Voya Financial, Inc. (NYSE: VOYA) (“Voya”), announced today that it has completed its previously announced transfer of certain assets and teams comprising the substantial majority of Allianz Global Investors’ (“AllianzGI”) U.S. business (“AGI U.S.”) to Voya Investment Management (“Voya IM”), the asset management business of Voya Financial. AllianzGI and Voya Financial announced on June 13, 2022 that the companies had entered into a definitive agreement regarding the strategic partnership.

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Corporate Bond Investors Stick To Cash As Losses Mount

June 17, 2022

Bloomberg reports that “June has been the worst month for U.S. corporate bonds since the start of the pandemic, by at least one measure, but investors like ... Voya Investment Management think it’s too soon to hunt for bargains.” Voya head of U.S. investment-grade corporates Travis King said that with the odds of a recession rising, current corporate debt prices “don’t adequately reflect the risk” of a sustained downturn. King believes that average risk premium spreads below 1.50 percentage points “now feel too low.”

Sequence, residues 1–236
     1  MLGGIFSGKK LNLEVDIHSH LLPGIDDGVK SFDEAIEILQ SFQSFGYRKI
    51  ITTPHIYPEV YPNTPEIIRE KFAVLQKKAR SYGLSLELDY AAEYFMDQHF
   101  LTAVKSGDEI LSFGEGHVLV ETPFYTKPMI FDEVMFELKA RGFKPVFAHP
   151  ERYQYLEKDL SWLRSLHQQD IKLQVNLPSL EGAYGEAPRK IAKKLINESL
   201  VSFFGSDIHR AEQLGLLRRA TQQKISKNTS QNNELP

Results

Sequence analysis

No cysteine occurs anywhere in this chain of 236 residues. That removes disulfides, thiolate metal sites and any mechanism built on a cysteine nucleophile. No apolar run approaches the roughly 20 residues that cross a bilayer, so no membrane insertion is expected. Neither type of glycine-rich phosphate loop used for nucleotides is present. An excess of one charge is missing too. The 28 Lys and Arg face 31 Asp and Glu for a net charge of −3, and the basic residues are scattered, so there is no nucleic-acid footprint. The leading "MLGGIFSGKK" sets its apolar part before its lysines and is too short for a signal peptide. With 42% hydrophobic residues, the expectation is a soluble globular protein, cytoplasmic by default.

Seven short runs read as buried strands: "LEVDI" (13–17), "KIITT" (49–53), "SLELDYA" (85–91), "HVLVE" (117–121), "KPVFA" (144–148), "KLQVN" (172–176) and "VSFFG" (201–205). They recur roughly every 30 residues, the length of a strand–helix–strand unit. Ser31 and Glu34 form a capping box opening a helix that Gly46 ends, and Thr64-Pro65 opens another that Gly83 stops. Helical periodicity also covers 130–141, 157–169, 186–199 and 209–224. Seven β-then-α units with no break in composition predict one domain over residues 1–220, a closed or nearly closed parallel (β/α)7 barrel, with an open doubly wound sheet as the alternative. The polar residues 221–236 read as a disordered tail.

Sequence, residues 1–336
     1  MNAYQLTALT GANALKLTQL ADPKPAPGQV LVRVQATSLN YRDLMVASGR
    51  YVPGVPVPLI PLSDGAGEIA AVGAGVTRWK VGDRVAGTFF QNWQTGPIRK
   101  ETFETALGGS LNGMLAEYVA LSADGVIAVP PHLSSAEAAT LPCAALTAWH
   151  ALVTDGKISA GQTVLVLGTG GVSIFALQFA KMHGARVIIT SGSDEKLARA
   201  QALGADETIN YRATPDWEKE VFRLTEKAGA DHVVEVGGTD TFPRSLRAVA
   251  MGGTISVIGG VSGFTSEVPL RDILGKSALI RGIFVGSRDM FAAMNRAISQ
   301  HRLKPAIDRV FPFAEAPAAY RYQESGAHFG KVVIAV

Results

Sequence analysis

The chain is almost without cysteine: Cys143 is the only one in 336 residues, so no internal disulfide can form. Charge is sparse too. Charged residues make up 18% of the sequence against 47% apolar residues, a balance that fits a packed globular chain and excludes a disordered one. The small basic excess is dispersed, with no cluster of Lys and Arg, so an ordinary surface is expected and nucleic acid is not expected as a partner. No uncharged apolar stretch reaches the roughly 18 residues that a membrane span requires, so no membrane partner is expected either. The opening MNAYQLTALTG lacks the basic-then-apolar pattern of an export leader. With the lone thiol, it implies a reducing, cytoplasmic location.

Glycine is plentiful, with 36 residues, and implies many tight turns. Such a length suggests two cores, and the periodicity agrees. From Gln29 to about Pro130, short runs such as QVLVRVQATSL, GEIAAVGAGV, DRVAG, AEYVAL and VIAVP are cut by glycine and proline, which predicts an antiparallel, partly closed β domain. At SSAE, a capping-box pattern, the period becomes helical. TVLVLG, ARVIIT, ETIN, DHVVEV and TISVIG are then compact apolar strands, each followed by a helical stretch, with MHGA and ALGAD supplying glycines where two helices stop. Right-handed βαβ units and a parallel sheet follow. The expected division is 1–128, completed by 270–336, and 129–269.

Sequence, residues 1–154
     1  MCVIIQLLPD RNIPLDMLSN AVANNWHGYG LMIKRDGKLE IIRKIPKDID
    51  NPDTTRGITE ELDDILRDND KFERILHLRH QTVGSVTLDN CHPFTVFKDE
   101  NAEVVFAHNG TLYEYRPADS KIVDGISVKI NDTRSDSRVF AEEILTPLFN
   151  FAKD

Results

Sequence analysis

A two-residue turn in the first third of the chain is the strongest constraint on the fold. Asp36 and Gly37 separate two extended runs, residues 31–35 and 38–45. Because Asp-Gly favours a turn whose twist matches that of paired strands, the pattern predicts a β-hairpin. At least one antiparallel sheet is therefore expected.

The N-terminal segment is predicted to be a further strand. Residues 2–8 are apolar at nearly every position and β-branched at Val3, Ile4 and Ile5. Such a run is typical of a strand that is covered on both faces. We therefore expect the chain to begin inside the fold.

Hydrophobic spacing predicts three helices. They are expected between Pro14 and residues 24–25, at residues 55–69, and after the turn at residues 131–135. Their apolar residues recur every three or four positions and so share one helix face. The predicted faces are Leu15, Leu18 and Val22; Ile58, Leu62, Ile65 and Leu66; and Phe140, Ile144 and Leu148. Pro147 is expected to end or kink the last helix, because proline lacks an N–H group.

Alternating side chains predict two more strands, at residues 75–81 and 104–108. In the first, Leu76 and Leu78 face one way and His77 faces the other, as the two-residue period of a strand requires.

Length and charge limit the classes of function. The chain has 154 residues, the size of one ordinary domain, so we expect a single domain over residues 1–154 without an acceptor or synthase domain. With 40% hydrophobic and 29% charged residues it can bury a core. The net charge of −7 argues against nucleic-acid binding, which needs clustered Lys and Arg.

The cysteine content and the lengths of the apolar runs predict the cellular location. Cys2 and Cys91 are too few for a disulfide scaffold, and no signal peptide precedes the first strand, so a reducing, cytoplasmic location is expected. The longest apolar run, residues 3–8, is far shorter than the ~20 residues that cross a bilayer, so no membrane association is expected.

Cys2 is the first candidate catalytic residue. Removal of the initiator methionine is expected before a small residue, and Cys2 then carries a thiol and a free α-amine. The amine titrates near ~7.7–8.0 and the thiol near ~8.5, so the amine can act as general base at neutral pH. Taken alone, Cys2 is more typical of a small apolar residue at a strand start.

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Investors Turn To Recovery Bonds As Credit Markets Slide

May 9, 2022